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Old 07-19-2004, 05:09 PM   #31
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Originally posted by Dreadsox
There is a difference between REENLISTING and activation from the INDIVIDUAL READY RESERVES. No one can be forced to REENLIST unless they want to.

No, I understand that. I just think the fact that we have to ask these individuals to even think about it is pretty scary and a sign that maybe we're stretched too thin.

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Old 07-19-2004, 09:12 PM   #32
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Originally posted by BonoVoxSupastar

No, I understand that. I just think the fact that we have to ask these individuals to even think about it is pretty scary and a sign that maybe we're stretched too thin.
The current number of people being called up from the IRR is 5,600.

During the 1991 Gulf War, over 20,000 members of the IRR were called up!

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Old 07-19-2004, 09:51 PM   #33
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Originally posted by A_Wanderer
Sting, I think that a true coalition is the one where you have those strong and important countries willing to fight alongside you such as France and Saudi Arabia true beacons and strong leadership and respect for the rights of man.

Oddly enough it was the 1991 coalition that prevented George Bush from invading Iraq and the result of this coalition forced US troops to remain in Saudi Arabia which in turn started Bin Laden on a more violent campaign against American interests abroad and extended the Islamist cause globally. If thats the multinational coalition that Kerry wants to build then forget him, the USA must never give up control of its millitary and strategic interests to a bunch of duplicitous middle powers who actively collaborate with the enemy. If it does then Iraq will be destined to fail, I personally would rather see a Pax Americana than another UN disaster.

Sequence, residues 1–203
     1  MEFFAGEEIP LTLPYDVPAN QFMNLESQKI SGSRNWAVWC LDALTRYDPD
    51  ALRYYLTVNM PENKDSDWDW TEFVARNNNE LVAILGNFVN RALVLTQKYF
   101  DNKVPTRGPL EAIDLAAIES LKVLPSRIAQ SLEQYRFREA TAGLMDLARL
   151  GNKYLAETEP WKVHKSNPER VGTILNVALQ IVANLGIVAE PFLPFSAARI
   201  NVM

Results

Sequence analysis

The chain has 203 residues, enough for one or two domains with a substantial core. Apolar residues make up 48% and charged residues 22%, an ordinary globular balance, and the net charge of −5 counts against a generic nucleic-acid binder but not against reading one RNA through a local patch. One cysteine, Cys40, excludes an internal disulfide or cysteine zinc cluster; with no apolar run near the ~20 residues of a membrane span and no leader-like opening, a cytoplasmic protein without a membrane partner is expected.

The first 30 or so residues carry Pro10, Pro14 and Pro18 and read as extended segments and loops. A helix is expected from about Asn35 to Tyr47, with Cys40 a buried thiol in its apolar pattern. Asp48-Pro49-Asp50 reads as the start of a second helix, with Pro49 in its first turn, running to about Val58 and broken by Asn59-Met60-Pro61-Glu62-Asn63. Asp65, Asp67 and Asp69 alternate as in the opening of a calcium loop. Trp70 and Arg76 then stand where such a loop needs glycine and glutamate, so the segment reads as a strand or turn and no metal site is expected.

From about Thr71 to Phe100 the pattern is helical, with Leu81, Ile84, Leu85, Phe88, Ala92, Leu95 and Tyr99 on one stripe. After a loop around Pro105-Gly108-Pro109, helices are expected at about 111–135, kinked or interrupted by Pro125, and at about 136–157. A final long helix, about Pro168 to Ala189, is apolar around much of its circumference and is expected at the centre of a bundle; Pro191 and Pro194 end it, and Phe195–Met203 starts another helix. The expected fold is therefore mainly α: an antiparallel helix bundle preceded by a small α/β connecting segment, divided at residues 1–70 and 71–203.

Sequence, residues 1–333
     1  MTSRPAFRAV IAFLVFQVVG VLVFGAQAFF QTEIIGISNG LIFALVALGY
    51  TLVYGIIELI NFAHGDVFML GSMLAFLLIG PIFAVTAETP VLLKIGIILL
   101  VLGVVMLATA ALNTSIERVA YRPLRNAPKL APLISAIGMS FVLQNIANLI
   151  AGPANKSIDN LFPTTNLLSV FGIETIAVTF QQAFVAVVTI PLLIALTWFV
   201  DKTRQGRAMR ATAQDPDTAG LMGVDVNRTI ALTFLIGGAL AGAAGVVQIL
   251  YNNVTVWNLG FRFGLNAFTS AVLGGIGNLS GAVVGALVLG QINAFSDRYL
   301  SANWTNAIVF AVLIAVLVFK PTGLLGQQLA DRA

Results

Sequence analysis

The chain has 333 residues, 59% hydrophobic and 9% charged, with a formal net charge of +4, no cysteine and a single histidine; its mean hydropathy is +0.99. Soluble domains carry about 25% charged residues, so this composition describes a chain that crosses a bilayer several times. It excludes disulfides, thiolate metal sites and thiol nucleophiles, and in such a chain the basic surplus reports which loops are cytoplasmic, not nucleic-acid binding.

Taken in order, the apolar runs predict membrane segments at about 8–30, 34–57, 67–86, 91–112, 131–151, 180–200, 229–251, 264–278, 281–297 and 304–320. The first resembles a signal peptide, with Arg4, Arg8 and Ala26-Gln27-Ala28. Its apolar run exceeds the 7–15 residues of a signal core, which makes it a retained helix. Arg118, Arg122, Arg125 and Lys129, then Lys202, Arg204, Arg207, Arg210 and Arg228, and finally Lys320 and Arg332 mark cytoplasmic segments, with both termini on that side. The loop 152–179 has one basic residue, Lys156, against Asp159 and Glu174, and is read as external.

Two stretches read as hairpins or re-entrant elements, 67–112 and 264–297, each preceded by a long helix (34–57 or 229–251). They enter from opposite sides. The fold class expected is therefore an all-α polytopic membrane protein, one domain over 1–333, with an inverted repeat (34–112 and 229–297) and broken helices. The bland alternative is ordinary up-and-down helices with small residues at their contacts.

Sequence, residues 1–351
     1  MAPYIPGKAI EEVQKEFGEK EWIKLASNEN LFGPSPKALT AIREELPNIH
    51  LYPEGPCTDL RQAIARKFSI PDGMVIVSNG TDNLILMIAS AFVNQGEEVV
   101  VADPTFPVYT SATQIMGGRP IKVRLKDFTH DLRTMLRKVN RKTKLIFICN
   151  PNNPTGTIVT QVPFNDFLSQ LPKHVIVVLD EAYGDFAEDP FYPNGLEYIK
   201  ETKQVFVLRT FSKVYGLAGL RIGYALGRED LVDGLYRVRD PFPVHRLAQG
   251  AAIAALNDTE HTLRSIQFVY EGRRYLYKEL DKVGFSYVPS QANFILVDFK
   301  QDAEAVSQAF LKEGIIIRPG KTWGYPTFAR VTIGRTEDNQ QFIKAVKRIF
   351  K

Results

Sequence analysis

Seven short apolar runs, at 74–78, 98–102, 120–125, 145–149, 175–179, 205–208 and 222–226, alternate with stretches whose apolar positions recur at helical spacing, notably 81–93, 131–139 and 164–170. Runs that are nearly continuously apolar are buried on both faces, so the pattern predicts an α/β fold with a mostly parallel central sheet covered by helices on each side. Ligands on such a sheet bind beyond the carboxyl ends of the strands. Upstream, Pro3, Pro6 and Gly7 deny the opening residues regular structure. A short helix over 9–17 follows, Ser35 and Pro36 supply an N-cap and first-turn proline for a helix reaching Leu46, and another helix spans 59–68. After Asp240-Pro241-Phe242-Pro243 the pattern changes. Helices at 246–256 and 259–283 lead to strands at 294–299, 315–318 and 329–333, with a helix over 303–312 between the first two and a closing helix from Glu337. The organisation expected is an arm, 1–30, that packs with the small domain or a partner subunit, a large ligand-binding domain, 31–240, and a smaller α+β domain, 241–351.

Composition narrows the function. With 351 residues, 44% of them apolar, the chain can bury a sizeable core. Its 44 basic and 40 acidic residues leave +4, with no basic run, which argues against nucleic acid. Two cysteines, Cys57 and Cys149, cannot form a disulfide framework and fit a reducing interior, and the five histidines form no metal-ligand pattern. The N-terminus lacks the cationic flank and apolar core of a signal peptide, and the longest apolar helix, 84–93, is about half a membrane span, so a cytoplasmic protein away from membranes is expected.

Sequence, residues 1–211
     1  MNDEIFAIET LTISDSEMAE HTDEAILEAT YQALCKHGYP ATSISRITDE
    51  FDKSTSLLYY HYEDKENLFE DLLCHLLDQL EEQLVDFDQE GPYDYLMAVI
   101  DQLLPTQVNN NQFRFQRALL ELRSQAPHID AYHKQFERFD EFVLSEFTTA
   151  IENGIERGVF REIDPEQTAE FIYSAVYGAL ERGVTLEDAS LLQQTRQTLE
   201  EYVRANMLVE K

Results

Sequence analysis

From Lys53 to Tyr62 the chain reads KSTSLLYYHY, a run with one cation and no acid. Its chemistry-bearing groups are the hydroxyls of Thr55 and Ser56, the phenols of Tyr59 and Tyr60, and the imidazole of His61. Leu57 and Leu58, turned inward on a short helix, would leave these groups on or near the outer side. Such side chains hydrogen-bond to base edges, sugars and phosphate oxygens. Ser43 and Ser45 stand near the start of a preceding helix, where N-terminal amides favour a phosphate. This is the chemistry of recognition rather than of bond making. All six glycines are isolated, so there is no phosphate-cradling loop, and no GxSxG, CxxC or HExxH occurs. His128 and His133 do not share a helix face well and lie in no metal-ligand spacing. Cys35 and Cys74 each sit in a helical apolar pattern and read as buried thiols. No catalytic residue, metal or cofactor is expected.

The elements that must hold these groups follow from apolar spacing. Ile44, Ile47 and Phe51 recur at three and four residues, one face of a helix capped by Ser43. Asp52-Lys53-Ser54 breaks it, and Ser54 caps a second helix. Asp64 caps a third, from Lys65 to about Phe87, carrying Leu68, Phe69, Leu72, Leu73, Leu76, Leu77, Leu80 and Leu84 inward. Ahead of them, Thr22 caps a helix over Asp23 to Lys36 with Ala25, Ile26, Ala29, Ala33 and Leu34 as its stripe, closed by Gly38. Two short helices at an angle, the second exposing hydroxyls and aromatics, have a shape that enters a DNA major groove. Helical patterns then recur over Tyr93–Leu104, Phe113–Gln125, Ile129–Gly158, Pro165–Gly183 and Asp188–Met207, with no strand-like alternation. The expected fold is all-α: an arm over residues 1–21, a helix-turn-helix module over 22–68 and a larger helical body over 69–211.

When multi-national coalitions can be formed and effectively used, I think this is definitely the way to go. I think that Bush has built a good coalition doing great work in developing and stablizing Iraq. Several dozen countries are contributing troops, money and experts in a variety of area's.

15 NATO nations are involved in the operation in Iraq. This from an Alliance that only had 16 nations 6 years ago, now expanded to 26. In addition, European countries not in NATO and were apart of the Former-Soviet Union are on the ground in Iraq, like the Ukraine with nearly 2,000 troops on the ground.

The Military's and power projection capabilities of many of the countries involved are limited compared to that of the United States, so this idea that participation in such a large operation would some how be proportional is simply un-realistic and in most cases impossible. Lets not forget how difficult it is to support a modern military force thousands of miles from the home country.

Many have argued that if Germany, France, and bordering Arab States had troops in Iraq, then it would be a true coalition. I think it would be mistake to have military forces from bordering countries in Iraq because it would indeed create a conflict of interest in the eyes of many and could potentially create more problems than it helps solve. It is really unimaginable that you would have Iranian, Turkish, and Syrian forces on the ground in Iraq. Less of a concern, I don't think it would be a good idea to have Saudi Arabian, Kuwaiti and Jordanian forces on the ground.

Arab or Muslim countries that would be good candidates for this role would be Egypt and Pakistan. Unfortunately they have declined, but I do not fault Bush for that, but rather other events and forces that make it risky for them to participate.

It would be good if Germany sent troops, but sending troops abroad is a new thing for Germany after the Cold War, and their contributions as seen in Afghanistan and Bosnia would not be in the numbers that people might assume or dream of. France could probably match the United Kingdom's contribution, but the French are not exactly the poster-child for participation in multi-national organizations. France has had a very unilateral course ever since pulling out of the military structure of NATO in the 1960s, although they remained in the Alliance from a political standpoint.

31 countries have troops on the ground in Iraq as we speak. Of course the United States is doing most of the heavy lifting, but that has been the case in just about every conflict since 1945. Those disappointed with the ratio of troops should remember the difference in capabilities of the various countries in supporting a troop presence of any size so far from home, as well as the history of past coalitions and Alliances since 1945, performing a task similar in size to this operation, and that it is undesirable to have neighboring countries on the ground there do to the recent history in the region as well as traditional concerns any country would have about a neighboring countries military on their soil, under these circumstances.

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